Eczema is a noncontagious skin condition that, while not life-threatening, can be embarrassing and difficult to manage. This condition is fairly common and can be treated a number of ways, including via phototherapy.
What Is Eczema?
"Eczema" is a catchall term for different skin inflammation conditions. The most common form of eczema is atopic dermatitis, which is a recurring, itchy rash. According to EczemaNet, roughly 10% to 20% of the world is affected by atopic dermatitis at some point during their childhood.
Eczema is an abnormal response of the immune system that causes skin inflammation, accompanied by itchiness. When it triggers, eczema can be a vicious cycle, because scratching the itchy skin makes the protective top layer fall off, which makes the skin more inflamed. Then it becomes more itchy.
What Does Eczema Look Like?
Although eczema varies from person to person, it is generally characterized by dry, red patchy skin. If the skin is very dry, it can look scaly. Occasionally there is a mild to severe rash, and partially due to this rash the skin can take on a bubbled and "oozy" look.
Light Therapy for Eczema
One of the treatments for eczema as recommended by the American Academy of Family Physicians is photo or light therapy. Phototherapy uses controlled doses of ultraviolet A and B rays to penetrate deep into the skin, kill bacterial growth and slow the growth of affected skin cells. This therapy uses a combination of UVA and UVB rays, or narrow-band UVB. Occasionally, a topical or oral chemical and UVA are combined for treatment (photochemotherapy) if other light therapy does not work.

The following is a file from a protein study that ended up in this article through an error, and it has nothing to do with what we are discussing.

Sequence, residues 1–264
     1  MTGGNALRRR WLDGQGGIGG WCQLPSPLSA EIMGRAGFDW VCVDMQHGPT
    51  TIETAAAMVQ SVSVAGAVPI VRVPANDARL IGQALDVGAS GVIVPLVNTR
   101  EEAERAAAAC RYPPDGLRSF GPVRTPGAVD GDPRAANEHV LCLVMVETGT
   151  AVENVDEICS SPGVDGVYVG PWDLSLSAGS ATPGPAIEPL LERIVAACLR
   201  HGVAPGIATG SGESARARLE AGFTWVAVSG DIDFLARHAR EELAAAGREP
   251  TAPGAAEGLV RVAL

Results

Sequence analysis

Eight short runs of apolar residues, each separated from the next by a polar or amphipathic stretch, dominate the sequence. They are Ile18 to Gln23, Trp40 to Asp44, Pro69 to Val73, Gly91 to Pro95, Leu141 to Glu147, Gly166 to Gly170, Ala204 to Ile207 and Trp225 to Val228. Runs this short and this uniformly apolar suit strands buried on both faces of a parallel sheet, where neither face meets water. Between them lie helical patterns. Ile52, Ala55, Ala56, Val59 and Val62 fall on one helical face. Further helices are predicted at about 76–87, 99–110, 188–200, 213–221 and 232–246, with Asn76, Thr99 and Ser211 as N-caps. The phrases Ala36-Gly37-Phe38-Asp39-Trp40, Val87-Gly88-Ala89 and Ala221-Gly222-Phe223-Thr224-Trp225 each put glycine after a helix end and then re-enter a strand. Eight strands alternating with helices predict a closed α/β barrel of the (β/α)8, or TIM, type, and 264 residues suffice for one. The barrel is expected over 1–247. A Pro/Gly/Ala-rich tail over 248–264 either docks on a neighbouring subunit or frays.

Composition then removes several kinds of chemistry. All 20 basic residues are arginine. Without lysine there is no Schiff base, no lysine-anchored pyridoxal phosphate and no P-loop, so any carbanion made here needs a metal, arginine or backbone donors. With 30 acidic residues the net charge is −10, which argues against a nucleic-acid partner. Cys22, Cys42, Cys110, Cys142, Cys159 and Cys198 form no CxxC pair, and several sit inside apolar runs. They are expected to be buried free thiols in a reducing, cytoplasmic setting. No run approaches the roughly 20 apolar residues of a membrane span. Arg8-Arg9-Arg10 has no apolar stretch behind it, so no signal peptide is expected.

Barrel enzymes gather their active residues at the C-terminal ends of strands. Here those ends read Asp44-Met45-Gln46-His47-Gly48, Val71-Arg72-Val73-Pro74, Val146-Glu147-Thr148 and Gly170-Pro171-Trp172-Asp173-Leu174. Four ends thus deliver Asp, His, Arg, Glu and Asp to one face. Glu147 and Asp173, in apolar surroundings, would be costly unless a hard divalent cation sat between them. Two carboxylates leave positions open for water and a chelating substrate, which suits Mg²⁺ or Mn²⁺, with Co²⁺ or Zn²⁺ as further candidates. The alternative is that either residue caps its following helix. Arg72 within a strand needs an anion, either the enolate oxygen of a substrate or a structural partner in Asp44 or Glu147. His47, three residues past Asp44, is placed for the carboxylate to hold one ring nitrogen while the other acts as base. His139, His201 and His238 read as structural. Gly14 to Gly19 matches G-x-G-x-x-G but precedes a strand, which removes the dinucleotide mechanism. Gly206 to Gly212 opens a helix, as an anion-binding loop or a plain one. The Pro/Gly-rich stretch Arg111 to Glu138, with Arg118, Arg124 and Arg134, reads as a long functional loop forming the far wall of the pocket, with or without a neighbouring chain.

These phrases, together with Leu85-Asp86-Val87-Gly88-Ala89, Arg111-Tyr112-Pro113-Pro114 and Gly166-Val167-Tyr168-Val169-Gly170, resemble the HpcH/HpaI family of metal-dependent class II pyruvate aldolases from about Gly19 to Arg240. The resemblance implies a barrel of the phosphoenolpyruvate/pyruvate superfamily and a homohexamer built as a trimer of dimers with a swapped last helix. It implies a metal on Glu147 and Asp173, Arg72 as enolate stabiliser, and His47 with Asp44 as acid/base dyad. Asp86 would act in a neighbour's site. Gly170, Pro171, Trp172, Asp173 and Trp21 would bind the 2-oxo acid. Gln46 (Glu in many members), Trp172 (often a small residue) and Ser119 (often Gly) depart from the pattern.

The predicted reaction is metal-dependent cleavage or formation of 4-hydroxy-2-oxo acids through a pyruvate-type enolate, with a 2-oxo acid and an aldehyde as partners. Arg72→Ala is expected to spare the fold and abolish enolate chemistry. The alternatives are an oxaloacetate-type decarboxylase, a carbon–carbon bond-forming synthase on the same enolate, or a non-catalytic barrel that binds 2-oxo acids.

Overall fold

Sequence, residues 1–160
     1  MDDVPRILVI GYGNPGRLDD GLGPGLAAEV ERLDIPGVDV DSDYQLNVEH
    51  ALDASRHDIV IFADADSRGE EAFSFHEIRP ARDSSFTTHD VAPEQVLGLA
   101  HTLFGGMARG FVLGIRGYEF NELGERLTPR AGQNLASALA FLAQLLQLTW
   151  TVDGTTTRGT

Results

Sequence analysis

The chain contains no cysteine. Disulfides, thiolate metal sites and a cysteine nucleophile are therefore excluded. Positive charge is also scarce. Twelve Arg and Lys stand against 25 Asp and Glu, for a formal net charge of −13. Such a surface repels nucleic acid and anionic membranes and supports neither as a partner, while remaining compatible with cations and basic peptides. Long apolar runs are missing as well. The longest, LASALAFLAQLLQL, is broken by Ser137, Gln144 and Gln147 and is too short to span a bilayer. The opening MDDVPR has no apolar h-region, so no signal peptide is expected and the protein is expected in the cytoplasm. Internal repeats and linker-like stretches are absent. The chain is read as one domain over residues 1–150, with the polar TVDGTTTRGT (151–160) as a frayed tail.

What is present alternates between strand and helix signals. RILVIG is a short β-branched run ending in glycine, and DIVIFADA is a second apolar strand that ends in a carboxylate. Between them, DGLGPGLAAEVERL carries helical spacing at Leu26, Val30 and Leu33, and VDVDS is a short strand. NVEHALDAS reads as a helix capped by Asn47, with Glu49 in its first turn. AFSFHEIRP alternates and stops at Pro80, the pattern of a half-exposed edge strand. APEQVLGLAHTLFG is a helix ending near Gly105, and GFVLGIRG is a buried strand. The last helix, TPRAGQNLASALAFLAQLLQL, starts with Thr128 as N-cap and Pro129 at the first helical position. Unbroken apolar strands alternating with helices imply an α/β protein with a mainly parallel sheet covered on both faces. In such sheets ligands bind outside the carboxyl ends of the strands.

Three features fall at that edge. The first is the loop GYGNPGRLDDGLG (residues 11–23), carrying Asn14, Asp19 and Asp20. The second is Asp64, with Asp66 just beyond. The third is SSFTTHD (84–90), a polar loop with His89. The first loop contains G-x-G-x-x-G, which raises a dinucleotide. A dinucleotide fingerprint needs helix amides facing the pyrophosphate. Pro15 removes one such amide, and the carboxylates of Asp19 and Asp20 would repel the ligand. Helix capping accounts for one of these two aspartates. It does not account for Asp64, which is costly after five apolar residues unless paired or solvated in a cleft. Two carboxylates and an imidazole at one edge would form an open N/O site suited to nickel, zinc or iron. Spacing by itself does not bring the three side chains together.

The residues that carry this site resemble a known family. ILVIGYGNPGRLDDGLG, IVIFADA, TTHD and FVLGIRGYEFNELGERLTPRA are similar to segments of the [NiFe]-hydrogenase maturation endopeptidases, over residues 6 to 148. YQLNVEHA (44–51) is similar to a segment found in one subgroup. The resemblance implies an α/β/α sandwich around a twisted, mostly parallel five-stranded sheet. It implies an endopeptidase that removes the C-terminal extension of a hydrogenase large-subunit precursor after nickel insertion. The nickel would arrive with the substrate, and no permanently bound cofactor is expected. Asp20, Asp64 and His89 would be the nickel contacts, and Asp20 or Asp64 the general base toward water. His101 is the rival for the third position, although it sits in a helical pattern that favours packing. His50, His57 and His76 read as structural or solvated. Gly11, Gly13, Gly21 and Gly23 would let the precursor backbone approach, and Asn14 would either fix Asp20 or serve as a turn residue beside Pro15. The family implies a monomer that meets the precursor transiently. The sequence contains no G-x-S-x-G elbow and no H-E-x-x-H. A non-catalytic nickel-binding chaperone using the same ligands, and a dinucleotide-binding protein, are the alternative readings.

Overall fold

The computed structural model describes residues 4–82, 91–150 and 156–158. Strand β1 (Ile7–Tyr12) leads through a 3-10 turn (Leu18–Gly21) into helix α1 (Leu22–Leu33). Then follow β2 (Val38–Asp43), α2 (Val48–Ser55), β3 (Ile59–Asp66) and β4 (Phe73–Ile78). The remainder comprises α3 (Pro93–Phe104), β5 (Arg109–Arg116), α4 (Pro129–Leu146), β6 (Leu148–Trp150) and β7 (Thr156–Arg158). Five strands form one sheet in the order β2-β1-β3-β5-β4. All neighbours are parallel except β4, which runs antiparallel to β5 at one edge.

Tanning Your Way To Healthy Skin
While your doctor may provide specific instructions about what type of light therapy procedure you will follow, for mild to mid-range eczema, a tanning bed uses a combination of UVA and UVB light bulbs to mimic the effects of the sun. Although you may need more of one and less of another, some tanning beds allow you to adjust the levels of UVA and UVB. If this method of light therapy works, your doctor may prescribe a few sessions at the tanning salon to help cure your eczema.
Based on what your doctor prescribes, you may need a few minutes of controlled UV exposure two to three times a week for several months. There is no cure for eczema, and the amount of time your treatment takes to control your eczema will vary based on severity and response.
The New Zealand Dermatological Society warns that light therapy, depending on how much or often you need it, may not be suitable for some people, including those with extremely fair skin (the UV rays can burn before doing any good) and young children (because they may not be able to sit still or use corrective eye wear properly).
UV rays are dangerous, and overexposure is carcinogenic (cancer-causing) to humans, so light therapy should be performed very carefully. If you are undergoing tanning sessions to help your eczema, you should also be moisturizing your skin frequently (to prevent further dryness) and wearing sunscreen with an SPF of 30 or higher when not in a tanning bed.